Guest Post: How can travel firms maximise the impact of Apple Watch?

By Emma Crowe, chief of client strategy at Somo

As seen with iPhone adoption, Apple’s multi-device platform has strengthened the company’s position in the smartphone market, and we can expect to see similar uptake in the Apple Watch.

The ability for brands to create bespoke experiences for the watch that break down barriers, combined with an ecosystem that allows seamless ease of use for iPhone users will enable the Apple Watch to truly take off.

From fitness to phone calls, to one-touch hands-free payment through Apple Pay, the watch is about to take centre stage in day-to-day life.

Starting at £299, it won’t be within reach for many consumers around the world, but then again neither was the iPhone, Apple has now sold an amazing 700 million smartphones.

It’s only a matter of time until Apple Watches are as ubiquitous as iPhones and with an app store all of it’s own, the Apple Watch is going to impact on a number of sectors as thousands of brands establish a presence.

Perhaps aware that they missed a beat with initial opportunities in mobile, the travel industry has been quick to embrace the Apple Watch.

Companies including American Airlines, Air New Zealand, Expedia, Uber, Trip Advisor and Starwood Hotels have already produced offerings for the smartwatch.

Travel companies are now more aware of the technology their customers use and are developing a strategy to make sure they’re playing an effective role across a number of different channels.

Numerous travel companies featured prominently in the launch, indicating an awareness that the technology will have a big impact on their industry.

For example, the Starwood Hotel demo showed that guests could use the watch to check in to their W Hotel room and even unlock the door. From this, we could see hotel rooms becoming much more customised.

By using wearables to check in to a hotel, a ‘connected room’ can immediately be configured exactly how a guest would like it. Lighting, air temperature, preferred music or TV channel can all be automatically set for regular travellers, turning a hotel room into a home away from home.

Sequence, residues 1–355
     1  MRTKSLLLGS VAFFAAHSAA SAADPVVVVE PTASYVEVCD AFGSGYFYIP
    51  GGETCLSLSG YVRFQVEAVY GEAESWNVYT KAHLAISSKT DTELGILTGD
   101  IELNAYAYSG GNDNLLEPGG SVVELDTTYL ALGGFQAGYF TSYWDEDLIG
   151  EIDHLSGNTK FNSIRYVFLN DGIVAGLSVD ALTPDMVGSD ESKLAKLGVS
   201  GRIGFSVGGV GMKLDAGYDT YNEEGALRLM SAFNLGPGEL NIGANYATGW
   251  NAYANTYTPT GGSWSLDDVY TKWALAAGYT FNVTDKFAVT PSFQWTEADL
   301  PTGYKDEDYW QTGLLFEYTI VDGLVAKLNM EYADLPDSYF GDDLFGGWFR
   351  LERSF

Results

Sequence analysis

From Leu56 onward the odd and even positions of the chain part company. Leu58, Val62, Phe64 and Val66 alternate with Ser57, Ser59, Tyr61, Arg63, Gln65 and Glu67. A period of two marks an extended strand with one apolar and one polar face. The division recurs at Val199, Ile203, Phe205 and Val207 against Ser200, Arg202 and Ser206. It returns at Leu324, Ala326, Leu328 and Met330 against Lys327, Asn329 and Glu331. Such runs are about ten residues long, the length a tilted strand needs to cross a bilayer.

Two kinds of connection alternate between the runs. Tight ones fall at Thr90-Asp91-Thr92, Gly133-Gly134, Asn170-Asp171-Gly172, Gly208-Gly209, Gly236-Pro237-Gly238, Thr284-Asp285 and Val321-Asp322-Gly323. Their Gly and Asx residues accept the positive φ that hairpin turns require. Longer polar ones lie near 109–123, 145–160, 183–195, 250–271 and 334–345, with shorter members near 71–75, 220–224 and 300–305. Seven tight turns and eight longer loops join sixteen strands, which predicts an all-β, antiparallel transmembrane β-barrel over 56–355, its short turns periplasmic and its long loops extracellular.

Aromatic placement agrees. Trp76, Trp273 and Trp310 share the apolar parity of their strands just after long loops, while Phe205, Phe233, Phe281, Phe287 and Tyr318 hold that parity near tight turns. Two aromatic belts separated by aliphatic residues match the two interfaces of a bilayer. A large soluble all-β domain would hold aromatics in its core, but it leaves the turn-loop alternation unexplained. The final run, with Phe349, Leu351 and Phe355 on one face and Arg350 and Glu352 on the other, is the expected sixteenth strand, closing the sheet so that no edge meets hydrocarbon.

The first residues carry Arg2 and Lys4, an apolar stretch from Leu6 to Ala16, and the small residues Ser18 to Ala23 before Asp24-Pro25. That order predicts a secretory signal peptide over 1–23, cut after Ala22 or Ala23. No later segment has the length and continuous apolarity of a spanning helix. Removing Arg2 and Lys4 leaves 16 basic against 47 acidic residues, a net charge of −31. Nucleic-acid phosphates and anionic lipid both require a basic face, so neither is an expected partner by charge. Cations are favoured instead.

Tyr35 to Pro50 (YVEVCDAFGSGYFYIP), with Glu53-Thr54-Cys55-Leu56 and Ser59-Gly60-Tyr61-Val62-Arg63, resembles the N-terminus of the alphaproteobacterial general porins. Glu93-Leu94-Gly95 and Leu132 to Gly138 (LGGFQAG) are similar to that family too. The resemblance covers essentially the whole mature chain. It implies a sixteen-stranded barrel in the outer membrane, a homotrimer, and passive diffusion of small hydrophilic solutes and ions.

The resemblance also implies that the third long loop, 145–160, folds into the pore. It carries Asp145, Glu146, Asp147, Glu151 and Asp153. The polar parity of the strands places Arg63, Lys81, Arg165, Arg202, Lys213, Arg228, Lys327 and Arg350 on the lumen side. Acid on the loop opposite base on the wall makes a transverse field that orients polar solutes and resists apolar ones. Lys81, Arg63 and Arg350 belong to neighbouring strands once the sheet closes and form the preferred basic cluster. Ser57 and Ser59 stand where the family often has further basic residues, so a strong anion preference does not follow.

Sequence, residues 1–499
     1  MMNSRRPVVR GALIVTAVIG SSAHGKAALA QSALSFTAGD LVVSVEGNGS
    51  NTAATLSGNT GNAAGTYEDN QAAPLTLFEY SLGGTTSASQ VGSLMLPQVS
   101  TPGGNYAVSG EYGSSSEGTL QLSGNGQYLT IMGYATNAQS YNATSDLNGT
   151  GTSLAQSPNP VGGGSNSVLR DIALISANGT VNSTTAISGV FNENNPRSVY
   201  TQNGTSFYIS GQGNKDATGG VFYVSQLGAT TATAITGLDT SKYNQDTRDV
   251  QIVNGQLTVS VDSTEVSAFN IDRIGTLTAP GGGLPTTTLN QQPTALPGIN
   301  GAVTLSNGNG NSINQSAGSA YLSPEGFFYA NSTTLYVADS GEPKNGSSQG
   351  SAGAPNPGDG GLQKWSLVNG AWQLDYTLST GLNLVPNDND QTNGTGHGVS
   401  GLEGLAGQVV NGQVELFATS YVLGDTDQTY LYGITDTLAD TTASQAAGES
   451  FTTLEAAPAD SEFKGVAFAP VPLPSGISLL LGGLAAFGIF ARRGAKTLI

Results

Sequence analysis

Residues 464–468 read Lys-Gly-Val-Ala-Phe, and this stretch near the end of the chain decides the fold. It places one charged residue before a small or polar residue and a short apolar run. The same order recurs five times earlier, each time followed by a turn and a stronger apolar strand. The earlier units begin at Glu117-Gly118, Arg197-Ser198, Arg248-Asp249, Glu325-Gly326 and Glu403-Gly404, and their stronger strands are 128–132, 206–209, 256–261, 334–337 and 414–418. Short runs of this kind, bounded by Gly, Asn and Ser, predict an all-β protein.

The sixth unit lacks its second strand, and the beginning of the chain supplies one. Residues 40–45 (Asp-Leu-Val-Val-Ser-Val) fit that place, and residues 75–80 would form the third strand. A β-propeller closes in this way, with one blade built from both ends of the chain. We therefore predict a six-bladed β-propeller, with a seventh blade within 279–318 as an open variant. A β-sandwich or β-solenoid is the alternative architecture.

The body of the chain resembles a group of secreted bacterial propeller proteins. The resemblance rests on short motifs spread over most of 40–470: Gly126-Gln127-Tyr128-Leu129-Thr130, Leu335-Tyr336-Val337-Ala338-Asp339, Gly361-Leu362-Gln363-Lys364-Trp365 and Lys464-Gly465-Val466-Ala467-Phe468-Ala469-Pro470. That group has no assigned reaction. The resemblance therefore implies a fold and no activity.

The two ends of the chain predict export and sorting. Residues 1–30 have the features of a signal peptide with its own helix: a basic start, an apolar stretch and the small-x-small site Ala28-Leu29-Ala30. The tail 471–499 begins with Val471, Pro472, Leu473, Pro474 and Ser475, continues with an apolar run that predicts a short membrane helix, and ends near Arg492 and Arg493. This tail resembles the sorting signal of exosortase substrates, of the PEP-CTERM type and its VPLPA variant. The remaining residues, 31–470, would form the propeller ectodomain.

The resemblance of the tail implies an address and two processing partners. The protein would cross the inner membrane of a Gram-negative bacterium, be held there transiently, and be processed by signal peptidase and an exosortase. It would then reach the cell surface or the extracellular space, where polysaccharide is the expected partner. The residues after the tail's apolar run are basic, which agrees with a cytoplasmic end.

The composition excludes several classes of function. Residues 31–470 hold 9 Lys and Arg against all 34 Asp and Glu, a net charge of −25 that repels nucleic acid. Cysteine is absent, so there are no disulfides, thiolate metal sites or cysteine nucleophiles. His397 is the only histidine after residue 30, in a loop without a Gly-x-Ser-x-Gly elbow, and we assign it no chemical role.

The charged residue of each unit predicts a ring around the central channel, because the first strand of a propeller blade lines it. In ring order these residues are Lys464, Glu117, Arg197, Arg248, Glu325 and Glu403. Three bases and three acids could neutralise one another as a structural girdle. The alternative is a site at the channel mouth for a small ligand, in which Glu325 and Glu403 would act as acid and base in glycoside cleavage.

If the watch can unlock your room, then it can surely also provide access to guest-only facilities, such as the gym. This allows the hotel to deliver more personal up-sell messages to guests.

For example, the concierge desk could get a notification that a guest has entered the gym and then send them a notification seeing if they’d like to book a massage after their workout. If the guest accepts, the appointment is put in their calendar and added to their final bill, which is of course settled using Apple Pay.

The airline industry is also developing for the Apple Watch, and we expect to see a plethora of airlines present in the Apple Watch app store very soon.

Airlines need to keep in mind the consumer journey on a smartwatch, develop offerings that break down barriers and take advantage of the watch.

Most obviously, many watch-focused apps from airlines are bound to act as boarding cards. However, there are plenty of other possible functions for an airline on a smartwatch.

Air New Zealand’s phone app enables wearers to order coffee to their seat in the airline’s lounges, so take this a step further and instead of ordering on screen, it’s not too much of a leap to allow travellers to order drinks and snacks directly to their in-flight seat without disrupting their entertainment.

InterContinental Hotels Group is another major travel player that has announced it will be launching on the Apple Watch, with its IHG Translator app.

By speaking in to their device, the service will provide travellers with real-time translation in to 13 different languages at launch. It’s a great example of a hotel chain providing additional value to travellers outside of a hotel environment.

Because we are only in the first generation of Apple Watch apps, it’s important to remember that this is just how companies are assuming people will use the gadget.

When consumers and businesses get their hands on the technology, we’ll see use cases emerge from places we’d never expect.

You only need to look at how apps have changed with smartphone usage to see that this is inevitable and by moving quickly to adapt to this, the travel sector can make the most of the opportunities this technology has to offer.

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